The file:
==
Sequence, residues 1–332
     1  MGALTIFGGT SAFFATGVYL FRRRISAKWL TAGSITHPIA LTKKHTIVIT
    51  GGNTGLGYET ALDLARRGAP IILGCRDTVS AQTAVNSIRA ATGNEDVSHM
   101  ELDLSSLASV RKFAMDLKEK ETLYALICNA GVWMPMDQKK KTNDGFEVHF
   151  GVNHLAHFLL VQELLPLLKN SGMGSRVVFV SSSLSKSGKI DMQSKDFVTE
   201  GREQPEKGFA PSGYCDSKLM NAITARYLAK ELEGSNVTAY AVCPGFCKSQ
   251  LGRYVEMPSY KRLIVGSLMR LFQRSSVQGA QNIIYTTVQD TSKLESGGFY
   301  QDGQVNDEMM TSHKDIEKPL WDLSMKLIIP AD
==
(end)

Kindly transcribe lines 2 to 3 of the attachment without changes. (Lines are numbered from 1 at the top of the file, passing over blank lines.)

     1  MGALTIFGGT SAFFATGVYL FRRRISAKWL TAGSITHPIA LTKKHTIVIT
    51  GGNTGLGYET ALDLARRGAP IILGCRDTVS AQTAVNSIRA ATGNEDVSHM